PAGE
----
An independent survey released today by the Publishers Association, shows that 63% of primary and secondary teachers in English schools could be making more use of textbooks, while one in five don’t use them at all. This is despite the fact that the survey also showed that more than 90% of teachers say they believe textbooks can improve pupil attainment and nearly 60% say that using textbooks helps reduce the amount of time they spend planning lessons.
In response, The PA is today launching The Textbook Challenge, a campaign calling for the whole education sector to strive to ensure that ‘every child has access to a textbook in the main subject areas’.
The new research also showed that:
- 90% of primary school teachers believe textbooks can improve pupil attainment. Nearly half of all teachers and 64% of secondary teachers think textbooks make a significant improvement.
- 59% of teachers say that using textbooks would definitely help reduce the amount of time they spend planning lessons.
- Nearly half (45%) of all teachers say funding strongly impacts their ability to use more textbooks, with over half (56%) of secondary teachers saying that funding has an extensive impact on their ability to purchase textbooks.
- A third of primary school teachers are not using textbooks at all while in secondary schools only 10% of teachers said they make no use of textbooks. In total 21% of teachers are making no use of textbooks at all.
The importance of using high quality textbooks to improve standards and reduce teacher workload is shared by Schools Minister Nick Gibb who has stated that “All the evidence shows that high-quality textbooks are good for teachers, students and parents” and that “Textbooks work”.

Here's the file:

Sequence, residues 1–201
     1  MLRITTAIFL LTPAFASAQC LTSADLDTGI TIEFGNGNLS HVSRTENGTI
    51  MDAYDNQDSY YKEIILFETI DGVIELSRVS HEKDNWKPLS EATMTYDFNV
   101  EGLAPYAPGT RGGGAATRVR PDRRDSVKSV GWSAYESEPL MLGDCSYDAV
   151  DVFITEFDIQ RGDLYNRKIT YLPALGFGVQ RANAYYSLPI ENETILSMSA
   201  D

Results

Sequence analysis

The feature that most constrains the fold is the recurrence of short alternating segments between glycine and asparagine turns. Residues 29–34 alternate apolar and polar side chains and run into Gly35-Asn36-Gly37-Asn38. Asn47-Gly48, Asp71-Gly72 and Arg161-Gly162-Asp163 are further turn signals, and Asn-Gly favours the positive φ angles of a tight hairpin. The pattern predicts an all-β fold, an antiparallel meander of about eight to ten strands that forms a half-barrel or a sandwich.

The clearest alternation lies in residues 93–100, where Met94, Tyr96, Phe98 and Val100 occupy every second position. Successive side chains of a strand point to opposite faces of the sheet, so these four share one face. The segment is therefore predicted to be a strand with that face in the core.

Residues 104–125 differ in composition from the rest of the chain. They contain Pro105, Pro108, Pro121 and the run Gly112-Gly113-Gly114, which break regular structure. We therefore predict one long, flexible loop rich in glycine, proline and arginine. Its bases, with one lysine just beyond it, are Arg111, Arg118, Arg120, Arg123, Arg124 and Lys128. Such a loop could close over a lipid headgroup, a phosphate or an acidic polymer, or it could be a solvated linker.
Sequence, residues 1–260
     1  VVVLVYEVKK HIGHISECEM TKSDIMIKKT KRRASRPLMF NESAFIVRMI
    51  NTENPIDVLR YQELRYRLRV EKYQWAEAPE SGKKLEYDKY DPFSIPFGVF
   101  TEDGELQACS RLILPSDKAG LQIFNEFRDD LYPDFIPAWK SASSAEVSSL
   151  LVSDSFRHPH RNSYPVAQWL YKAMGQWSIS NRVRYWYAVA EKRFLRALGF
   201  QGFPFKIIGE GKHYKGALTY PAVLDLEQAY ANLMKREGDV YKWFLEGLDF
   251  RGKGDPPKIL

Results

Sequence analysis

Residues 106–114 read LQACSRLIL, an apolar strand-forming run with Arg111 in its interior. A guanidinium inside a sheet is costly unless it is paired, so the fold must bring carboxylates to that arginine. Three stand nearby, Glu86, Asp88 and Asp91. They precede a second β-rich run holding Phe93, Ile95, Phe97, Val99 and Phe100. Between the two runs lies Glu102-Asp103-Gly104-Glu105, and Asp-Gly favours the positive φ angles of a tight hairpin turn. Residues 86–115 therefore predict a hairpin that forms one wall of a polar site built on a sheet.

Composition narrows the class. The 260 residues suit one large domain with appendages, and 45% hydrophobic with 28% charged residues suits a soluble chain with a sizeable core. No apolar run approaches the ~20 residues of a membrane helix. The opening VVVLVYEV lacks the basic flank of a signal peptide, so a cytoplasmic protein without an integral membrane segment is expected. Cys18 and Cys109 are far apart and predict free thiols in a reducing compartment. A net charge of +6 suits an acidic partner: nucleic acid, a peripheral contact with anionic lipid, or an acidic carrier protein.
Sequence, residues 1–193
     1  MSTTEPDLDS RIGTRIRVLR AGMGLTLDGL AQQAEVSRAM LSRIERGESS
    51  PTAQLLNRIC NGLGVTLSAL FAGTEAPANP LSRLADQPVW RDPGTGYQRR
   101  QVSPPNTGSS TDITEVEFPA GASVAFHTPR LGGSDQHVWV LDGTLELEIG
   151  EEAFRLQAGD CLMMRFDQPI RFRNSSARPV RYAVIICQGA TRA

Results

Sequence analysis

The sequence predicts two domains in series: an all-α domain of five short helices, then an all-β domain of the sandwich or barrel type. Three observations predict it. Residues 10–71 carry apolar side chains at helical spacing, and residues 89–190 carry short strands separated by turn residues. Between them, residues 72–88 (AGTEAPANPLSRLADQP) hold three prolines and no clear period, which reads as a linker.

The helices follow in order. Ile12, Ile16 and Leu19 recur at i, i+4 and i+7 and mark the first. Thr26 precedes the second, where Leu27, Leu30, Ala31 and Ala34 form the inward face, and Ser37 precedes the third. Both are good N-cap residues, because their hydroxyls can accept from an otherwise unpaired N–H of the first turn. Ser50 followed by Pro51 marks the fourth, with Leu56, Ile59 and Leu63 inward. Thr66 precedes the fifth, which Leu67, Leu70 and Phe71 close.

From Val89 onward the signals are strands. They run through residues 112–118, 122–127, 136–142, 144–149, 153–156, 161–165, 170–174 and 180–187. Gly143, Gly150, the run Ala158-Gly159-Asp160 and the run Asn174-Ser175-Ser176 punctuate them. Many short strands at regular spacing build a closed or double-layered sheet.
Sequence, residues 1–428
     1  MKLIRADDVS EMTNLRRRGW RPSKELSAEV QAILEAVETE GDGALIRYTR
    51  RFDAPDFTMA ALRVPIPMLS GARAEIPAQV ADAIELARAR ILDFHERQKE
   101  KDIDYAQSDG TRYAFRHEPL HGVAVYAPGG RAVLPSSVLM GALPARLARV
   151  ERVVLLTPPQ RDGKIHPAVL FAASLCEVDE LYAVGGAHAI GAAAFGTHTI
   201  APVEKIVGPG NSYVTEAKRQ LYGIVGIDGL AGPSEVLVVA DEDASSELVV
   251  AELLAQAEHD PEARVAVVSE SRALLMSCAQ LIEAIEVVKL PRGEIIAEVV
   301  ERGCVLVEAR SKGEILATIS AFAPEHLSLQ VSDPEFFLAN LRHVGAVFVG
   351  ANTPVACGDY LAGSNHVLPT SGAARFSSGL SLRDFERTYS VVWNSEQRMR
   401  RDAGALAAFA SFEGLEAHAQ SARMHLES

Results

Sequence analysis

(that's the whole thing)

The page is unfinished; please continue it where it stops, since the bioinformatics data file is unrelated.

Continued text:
Commenting, Stephen Lotinga, Chief Executive of the Publishers Association, said:
“Textbooks are a vital resource in helping to reduce teacher workload and to improve educational attainment. However, as this research shows, despite these benefits they are being under used in schools and many teachers are unable to buy the textbooks they need due to a lack of funding.
“At a time when teachers are increasingly finding their workloads unmanageable, it is more important than ever that they have access to resources which can help make lesson planning easier while also helping to improve standards. This is why we are launching the textbook challenge today: a new challenge calling for every pupil in England and Wales to have access to a textbook in the main subjects.”
Notes to editors
1. The survey was conducted by C3 Education and was sent to a panel of 2100 primary and secondary school teachers. It was responded to by a total of 687 teachers. The panel was formed of coordinators and heads of key stage and co-ordinators and head of department in three core subjects.
2. The figure that shows that 63% of teachers could make more use of textbooks in schools is based on the percentage of teachers who said they only make ‘some’ use of textbooks.
3. The Publishers Association is the leading trade organisation serving book, journal, audio and electronic publishers in the UK. Membership comprises 120 companies from across the trade, academic and education sectors (htttp://www.publishers.org.uk)
4. ‘Eliminating unnecessary workload around planning and teaching resources’, a report from the Department of Education, found that high quality textbooks, “can support teaching, reduce workload by teachers not having to ‘reinvent the wheel’, and ensure high expectations of the content of lessons and conceptual knowledge”.
5. ‘Why textbooks counts’, a policy paper from Tim Oates who chaired the National Curriculum Review, identified that the low usage of textbooks in English schools compared to in Singapore and Finland was a contributory factor in England’s poor performance in maths compared to other countries.